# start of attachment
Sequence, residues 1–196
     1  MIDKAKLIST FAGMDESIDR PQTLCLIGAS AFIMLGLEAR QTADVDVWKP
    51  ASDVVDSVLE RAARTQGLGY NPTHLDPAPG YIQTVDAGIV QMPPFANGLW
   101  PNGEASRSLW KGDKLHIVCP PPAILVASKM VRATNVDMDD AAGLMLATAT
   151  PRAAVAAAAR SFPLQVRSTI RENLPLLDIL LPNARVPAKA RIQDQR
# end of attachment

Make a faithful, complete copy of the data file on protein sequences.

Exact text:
Sequence, residues 1–196
     1  MIDKAKLIST FAGMDESIDR PQTLCLIGAS AFIMLGLEAR QTADVDVWKP
    51  ASDVVDSVLE RAARTQGLGY NPTHLDPAPG YIQTVDAGIV QMPPFANGLW
   101  PNGEASRSLW KGDKLHIVCP PPAILVASKM VRATNVDMDD AAGLMLATAT
   151  PRAAVAAAAR SFPLQVRSTI RENLPLLDIL LPNARVPAKA RIQDQR